You Could….Not Know Why, At Any Given Moment

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Off A Side Road Near Stauton

by Stanley Plumly (1939 – 2019)

Some nothing afternoon, no one anywhere,
an early autumn stillness in the air,
the kind of empty day you fill by taking in
the full size of the valley and its layers leading
slowly to the Blue Ridge, the quality of country,
if you stand here long enough, you could stay
for, step into, the way a landscape, even on a wall,
pulls you in, one field at a time, pasture and fall
meadow, high above the harvest, perfect
to the tree line, then spirit clouds and intermittent
sunlit smoky rain riding the tops of the mountains,
though you could walk until it’s dark and not reach those rains—
you could walk the rest of the day into the picture
and not know why, at any given moment, you’re there.

Labor Day is here, marking the end of  summer.   Today and tomorrow will be the last of the swimming season in Minnesota (at least for me) as the lows are going to be in the 40’s all week after Monday and the lakes will suddenly be too cold.  This has to be the strangest summer of my entire existence.  It was utterly devoid of most rituals and events that have marked summer’s passing since I was a child.  The only thing that I have done that felt the same was to swim and camp, but summer music festivals, fireworks, friends BBQ and fish fries, the State Fair, and an endless list of summer work events were all cancelled this year.   This loss of ritual strangely made the summer slip by too quickly, as the weeks and months ran together.

In trying to find a poem to sum up my feelings on what has transpired since George Floyd’s death in May, I kept coming back to a poem I shared in my Auden retrospective in January of 2019.  Auden’s line “we must love one another or die,” sticks in my brain as the one call to action that might heal this nation.  In my opinion, it is the only thing that might work.  We aren’t going to solve inequality through partisan gamesmanship and politics, from either side of the political spectrum.  Somewhere we have to find the ability for mutual respect and acceptance of differences to co-exist again in America in a productive manner, both sides have to flourish.  There is no winning in love.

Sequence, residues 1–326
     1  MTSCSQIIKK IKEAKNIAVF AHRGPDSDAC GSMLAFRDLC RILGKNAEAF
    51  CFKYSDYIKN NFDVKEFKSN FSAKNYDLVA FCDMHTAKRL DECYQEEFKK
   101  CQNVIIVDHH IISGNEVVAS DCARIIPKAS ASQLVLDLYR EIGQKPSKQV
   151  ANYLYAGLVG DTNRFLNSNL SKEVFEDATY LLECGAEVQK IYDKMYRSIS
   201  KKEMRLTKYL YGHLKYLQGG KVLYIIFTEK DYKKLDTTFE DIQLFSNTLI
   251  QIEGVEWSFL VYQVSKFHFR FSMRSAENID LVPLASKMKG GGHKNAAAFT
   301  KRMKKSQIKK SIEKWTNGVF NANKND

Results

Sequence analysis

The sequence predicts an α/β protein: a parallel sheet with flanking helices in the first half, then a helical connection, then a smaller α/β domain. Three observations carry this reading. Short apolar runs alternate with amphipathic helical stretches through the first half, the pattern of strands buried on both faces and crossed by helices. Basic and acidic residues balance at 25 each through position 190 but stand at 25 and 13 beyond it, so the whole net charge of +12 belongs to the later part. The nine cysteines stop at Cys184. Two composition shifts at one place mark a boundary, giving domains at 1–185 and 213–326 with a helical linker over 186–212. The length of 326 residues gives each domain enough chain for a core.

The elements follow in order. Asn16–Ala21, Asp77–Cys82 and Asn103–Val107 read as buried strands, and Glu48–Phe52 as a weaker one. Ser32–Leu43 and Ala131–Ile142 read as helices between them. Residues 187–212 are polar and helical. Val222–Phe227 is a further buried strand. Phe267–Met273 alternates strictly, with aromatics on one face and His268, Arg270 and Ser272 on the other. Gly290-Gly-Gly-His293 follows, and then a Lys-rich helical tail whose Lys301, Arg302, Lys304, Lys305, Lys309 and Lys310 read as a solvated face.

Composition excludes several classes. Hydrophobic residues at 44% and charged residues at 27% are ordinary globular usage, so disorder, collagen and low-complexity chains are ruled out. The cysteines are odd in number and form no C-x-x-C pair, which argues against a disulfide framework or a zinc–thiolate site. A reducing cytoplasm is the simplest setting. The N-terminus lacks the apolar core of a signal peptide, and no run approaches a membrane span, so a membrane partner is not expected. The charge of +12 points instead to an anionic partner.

With roughly 60 days before the election I am bracing for what will be a glaring, blaring intolerable two months of  political attack ads and over reaching rhetoric.  All the more reason to retreat from the media into the silence of nature and cast my vote by mail.  I will attempt to avoid the shrillness of American politics as best I can and hope that change is coming after the first of the year. Not just in the White House, but in our hearts and lives as well.


September 1, 1939

(Excerpt)

by W. H. Auden

All I have is a voice
To undo the folded lie,
The romantic lie in the brain
Of the sensual man-in-the-street
And the lie of Authority
Whose buildings grope the sky:
There is no such thing as the State
And no one exists alone;
Hunger allows no choice
To the citizen or the police;
We must love one another or die.

Defenseless under the night
Our world in stupor lies;
Yet, dotted everywhere,
Ironic points of light
Flash out wherever the Just
Exchange their messages:
May I, composed like them
Of Eros and of dust,
Beleaguered by the same
Negation and despair,
Show an affirming flame.

The Sweet Clear Bell Of The Joys

Kadunce River

Kadunce River, Northern Minnesota

“I am proud only of those days that pass in
undivided tenderness.”

Robert Bly

Gone, Gone, Gone

by Robert Bly

“Search for the longing. O you who love me.”  Old Saint

When the wind-sleeve moves in the
. . morning street,
I walk there, and brood on brown things,
On green things,
On the green waves
Lifting at seas, the green wives, and the
. . brood of heaven.

I hear a faint sound, a bell inside the waves